Regarding the jail staff's perceptions, information about Walter's allegedly erratic behavior before arrival at the Fremont County Jail is only relevant to the extent any particular jail staff member knew of that behavior. As for details about the crime Walter allegedly committed, Defendants fail to explain how those details could have any effect on any jail staff member's perception of his physical, mental, or emotional health- assuming the jail staff member knew those details. As for damages, Defendants' argument is vague and unconvincing, and strikes the Court as grasping at any straw to retain this evidence because Defendants do, in fact, wish to inflame the jury against Walter-which is impermissible under Rule 401, or is at least unduly prejudicial under Rule 403.

         Nonetheless, the Court will permit the following testimony about Walter's behavior before being booked into the jail, and about his arrest:

• The basic nature of the accusation against Walter. This likely needs to be no more than the generic name of the charge (assault) and a very short description of the alleged behavior leading to the charge that does not obviously lay all blame on Walter (e.g., “getting into a fight, ” as opposed to “starting a fight, ” “throwing a punch, ” etc.). The jury is entitled to understand those basic facts, for context. See, e.g., United States v. Kimball, 73 F.3d 269, 272 (10th Cir. 1995).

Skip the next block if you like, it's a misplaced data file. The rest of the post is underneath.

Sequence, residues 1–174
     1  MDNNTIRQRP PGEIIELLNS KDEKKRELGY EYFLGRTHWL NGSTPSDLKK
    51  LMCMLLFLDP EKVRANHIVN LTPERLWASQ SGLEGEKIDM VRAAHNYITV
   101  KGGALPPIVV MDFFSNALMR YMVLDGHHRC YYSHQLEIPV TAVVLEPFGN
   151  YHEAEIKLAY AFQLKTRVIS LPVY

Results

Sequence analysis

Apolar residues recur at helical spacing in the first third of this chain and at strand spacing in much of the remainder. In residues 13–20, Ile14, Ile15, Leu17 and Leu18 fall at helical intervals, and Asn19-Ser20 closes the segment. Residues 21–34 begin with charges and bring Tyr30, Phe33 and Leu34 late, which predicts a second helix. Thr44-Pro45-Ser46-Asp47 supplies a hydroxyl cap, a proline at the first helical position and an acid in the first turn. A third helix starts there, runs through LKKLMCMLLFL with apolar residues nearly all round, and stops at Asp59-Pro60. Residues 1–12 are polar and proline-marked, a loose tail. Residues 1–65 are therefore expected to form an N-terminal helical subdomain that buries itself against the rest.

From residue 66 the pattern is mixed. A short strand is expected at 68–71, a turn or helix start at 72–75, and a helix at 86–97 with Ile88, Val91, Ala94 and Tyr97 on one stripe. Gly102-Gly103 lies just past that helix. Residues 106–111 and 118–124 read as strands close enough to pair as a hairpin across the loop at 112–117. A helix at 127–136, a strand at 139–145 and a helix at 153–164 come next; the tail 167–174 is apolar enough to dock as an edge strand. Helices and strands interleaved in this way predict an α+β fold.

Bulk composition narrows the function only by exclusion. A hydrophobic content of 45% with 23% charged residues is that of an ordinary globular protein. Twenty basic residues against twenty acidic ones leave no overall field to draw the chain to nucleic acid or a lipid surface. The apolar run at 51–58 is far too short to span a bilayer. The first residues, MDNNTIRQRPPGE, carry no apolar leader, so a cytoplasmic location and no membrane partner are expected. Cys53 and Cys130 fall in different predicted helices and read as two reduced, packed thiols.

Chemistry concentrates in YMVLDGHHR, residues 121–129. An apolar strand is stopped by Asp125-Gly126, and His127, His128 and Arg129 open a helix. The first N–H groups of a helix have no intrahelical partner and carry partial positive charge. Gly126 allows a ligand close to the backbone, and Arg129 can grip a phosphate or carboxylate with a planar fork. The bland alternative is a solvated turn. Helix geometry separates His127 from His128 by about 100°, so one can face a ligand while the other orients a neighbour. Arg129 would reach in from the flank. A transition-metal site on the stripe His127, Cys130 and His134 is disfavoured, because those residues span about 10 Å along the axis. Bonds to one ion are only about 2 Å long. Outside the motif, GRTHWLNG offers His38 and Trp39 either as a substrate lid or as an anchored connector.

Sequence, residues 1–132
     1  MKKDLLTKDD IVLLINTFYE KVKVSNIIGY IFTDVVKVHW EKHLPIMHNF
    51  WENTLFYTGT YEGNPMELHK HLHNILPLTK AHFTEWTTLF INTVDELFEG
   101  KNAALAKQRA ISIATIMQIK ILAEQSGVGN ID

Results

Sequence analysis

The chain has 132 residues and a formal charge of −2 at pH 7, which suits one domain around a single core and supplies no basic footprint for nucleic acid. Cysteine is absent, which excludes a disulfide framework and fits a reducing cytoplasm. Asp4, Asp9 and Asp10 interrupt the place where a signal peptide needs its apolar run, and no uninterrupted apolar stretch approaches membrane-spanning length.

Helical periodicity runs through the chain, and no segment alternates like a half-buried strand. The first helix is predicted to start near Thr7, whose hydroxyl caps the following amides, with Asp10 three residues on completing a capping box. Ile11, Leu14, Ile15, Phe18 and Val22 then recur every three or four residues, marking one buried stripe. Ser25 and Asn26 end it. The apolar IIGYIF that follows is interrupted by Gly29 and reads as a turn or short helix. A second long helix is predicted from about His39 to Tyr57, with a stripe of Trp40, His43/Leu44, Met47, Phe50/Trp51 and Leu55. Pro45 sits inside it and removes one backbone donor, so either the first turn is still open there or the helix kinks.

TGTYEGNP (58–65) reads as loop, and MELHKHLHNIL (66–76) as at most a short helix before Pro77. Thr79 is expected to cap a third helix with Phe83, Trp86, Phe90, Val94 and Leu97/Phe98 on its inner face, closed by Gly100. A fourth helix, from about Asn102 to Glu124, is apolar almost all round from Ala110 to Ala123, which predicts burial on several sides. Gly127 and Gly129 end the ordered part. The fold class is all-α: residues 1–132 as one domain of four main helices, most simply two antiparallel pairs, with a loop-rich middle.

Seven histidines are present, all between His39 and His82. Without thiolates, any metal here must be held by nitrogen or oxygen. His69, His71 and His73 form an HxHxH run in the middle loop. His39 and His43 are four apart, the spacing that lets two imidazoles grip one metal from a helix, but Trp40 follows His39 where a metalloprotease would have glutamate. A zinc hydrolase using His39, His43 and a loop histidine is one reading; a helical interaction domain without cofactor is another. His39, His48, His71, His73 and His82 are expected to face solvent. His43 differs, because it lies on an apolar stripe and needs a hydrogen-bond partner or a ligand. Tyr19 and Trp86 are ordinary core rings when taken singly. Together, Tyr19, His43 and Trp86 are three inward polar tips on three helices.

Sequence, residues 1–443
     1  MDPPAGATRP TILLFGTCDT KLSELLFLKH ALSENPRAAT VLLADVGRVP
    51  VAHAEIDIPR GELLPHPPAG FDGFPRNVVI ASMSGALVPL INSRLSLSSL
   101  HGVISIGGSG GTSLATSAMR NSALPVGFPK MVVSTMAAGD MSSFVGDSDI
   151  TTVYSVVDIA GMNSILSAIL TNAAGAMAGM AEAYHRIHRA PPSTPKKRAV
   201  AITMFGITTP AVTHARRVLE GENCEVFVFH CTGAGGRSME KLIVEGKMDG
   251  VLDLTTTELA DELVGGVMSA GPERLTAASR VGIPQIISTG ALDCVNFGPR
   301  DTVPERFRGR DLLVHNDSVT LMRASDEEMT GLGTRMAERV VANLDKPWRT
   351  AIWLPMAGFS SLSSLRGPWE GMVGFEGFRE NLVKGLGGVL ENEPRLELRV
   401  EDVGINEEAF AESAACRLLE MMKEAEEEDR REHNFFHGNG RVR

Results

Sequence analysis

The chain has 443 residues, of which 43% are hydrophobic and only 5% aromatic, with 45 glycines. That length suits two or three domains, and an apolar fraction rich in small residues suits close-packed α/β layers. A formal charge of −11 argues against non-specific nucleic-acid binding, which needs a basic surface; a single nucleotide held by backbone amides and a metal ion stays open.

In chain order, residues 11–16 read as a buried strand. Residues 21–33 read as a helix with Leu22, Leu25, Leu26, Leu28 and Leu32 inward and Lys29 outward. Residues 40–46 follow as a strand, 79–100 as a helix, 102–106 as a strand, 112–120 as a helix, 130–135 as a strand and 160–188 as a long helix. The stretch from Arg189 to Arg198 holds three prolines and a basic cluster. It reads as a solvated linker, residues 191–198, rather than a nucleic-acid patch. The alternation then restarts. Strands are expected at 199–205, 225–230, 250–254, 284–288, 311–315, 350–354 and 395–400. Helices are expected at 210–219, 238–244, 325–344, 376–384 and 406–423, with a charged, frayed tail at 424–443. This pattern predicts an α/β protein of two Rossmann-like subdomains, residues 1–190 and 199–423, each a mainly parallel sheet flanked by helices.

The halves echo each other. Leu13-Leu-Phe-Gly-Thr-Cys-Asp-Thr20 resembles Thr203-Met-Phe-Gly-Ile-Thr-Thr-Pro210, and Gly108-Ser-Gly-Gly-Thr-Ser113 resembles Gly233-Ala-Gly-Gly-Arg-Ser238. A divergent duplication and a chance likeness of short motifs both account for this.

• Walter's demeanor, and physical and mental condition, before arriving at the jail to the extent that his demeanor/condition was perceived by, or specifically reported to, a person who: (A) observed Walter between the time of his admission and the time of his death, and (B) will testify that Walter's behavior in jail was unconcerning because of what he or she perceived, or was told, about his behavior before his arrival. Except to this extent, this portion of the Estate's Motion in Limine is granted.

         B. Walter's Criminal and Incarceration History

         The Estate expects Defendants to introduce evidence of Walter's criminal and incarceration history, which the Estate argues to be irrelevant, unduly prejudicial, and impermissible character evidence. (ECF No. 231 at 6.)

         Defendants respond that the Estate is putting Walter's criminal history at issue because the Estate intends to introduce an exhibit in which Walter is recorded as reporting (apparently to booking officers) that he had a bad experience during a previous jail stay when jail officials tried to wean him from Klonopin. (ECF No. 242 at 5 (citing ECF No. 242-3).) Defendants accuse the Estate of “want[ing] to have it both ways by being allowed to introduce this ...